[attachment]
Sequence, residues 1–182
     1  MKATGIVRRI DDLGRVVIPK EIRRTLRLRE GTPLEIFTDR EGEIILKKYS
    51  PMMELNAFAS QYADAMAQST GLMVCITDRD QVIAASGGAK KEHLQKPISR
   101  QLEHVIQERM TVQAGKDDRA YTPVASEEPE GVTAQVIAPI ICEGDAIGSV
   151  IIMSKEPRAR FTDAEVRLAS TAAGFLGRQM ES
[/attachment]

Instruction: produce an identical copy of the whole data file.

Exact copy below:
Sequence, residues 1–182
     1  MKATGIVRRI DDLGRVVIPK EIRRTLRLRE GTPLEIFTDR EGEIILKKYS
    51  PMMELNAFAS QYADAMAQST GLMVCITDRD QVIAASGGAK KEHLQKPISR
   101  QLEHVIQERM TVQAGKDDRA YTPVASEEPE GVTAQVIAPI ICEGDAIGSV
   151  IIMSKEPRAR FTDAEVRLAS TAAGFLGRQM ES